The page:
In the longer term, the sanctions could hurt by fostering a climate of uncertainty — something investors loathe. Some foreign investors are likely to stay away from the sanctioned companies.

Here's a look at the sanctions and their potential impact.


The sanctions prohibit the sale of bonds and shares on EU market by banks that are controlled by the Russian government. No EU firms will be allowed to help those banks in placing debt on international financial markets, and EU investors will also be barred from buying such bonds or shares on all markets.

The state-owned banks last year issued 7.5 billion euros ($10 billion) in debt with a maturity of over 90 days on Europe's market, according to EU officials who briefed reporters in Brussels on condition of anonymity because they weren't authorized to release details pending a formal announcement Thursday.


Exports and imports of weaponry and other military goods to and from Russia will be banned.

Once again, Russian will be hit harder than Europe. Russian exports of arms and military equipment to the EU is worth some 3.2 billion euros annually, while Europe's exports to Russia are worth only about 300 million euros, according to EU figures.


The EU sanctions prohibit the exports of certain oil exploration equipment to hamper the long-term development of Russia's oil industry.

The sanctions target equipment or services used for deep sea drilling, Arctic drilling and shale oil exploitation. EU exports of those technologies to Russia total 150 million euros, or about one tenth of the overall sales of energy technology goods to Russia, according to EU officials.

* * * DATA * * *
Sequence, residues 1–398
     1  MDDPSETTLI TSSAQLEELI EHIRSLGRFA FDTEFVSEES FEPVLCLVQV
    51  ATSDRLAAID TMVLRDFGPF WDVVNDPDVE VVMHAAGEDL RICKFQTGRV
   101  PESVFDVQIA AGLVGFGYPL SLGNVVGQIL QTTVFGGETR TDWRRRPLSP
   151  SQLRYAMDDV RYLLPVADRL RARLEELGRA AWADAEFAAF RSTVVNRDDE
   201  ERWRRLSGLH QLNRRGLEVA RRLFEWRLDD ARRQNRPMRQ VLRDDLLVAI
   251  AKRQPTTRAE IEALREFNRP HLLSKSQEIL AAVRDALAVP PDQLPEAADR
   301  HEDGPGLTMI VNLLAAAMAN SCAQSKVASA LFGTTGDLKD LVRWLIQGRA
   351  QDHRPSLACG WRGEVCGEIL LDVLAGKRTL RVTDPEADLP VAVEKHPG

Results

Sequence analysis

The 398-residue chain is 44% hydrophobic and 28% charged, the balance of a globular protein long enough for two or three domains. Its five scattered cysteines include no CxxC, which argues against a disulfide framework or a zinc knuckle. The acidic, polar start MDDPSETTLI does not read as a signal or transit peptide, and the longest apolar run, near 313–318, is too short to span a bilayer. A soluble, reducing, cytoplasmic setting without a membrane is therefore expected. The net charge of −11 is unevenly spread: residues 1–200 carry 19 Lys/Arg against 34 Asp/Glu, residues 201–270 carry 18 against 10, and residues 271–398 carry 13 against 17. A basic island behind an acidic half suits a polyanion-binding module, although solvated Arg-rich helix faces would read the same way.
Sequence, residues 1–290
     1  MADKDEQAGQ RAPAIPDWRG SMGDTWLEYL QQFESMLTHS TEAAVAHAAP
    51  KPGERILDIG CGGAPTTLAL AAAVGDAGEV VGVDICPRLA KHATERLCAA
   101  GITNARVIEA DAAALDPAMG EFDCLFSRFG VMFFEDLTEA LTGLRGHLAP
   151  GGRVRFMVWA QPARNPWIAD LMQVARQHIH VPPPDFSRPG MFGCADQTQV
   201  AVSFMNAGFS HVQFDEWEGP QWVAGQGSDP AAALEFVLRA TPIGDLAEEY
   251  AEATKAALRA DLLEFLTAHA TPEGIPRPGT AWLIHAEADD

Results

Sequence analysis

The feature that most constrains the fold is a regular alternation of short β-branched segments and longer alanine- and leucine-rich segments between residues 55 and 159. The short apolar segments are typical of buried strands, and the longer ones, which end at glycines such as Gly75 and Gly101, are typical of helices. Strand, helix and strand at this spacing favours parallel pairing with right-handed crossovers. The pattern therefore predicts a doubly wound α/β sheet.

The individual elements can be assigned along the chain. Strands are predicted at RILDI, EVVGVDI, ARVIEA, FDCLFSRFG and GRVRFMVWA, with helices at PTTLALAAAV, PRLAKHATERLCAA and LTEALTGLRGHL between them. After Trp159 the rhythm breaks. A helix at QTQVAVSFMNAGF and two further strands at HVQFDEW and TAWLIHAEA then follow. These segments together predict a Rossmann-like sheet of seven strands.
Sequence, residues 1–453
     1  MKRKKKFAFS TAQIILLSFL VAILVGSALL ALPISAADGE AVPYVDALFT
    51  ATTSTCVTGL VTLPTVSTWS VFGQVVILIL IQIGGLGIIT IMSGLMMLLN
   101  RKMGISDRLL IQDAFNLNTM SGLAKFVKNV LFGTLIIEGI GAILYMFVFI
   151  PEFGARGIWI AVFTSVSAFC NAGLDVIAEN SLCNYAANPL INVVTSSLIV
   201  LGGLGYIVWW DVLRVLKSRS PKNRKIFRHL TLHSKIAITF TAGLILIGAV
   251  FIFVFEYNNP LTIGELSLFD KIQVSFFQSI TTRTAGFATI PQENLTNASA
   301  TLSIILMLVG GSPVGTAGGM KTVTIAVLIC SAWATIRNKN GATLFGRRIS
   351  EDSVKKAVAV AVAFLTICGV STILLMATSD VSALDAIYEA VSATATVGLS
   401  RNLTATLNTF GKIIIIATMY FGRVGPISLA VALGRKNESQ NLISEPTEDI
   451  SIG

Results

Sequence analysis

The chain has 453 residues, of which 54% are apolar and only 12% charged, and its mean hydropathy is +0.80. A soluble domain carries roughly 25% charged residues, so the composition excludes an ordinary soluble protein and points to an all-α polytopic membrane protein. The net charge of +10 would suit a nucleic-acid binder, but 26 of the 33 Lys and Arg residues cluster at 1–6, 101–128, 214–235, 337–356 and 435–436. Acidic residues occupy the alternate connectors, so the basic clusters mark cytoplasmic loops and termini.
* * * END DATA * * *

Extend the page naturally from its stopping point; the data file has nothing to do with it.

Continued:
Exports to Russia of goods that could be used for such oil projects will require prior approval by the EU member states' national export control authorities.


The EU is also forbidding the export to the Russian military of so-called dual use goods — those that can be used for military or civilian purposes.

Such goods can include, for example, chemicals that could also be used in the production or use of chemical, biological or nuclear weapons.

The EU's total export to Russia of dual use goods last year totaled about 20 billion euros, but EU officials cautioned only "a fraction of that" will be affected by the sanctions since the bulk of exports is for civilian purposes.


The EU has already imposed asset freezes and travel bans on almost 100 Russian officials or pro-Russian Ukrainians held responsible for the annexation of the Crimean Peninsula or the destabilization of eastern Ukraine.

In addition, 23 companies and institutions were also sanctioned. The bloc was expected to release the names of more sanctioned individuals, including four considered close to Russian President Vladimir Putin.

The EU on Wednesday also broadened its sanctions to limit trade and investment in Crimea, banning new investment in the transport, telecommunications and, crucially, the energy sector "and the exploitation of oil, gas and minerals." Exports of key equipment for those sectors to Crimea are also banned.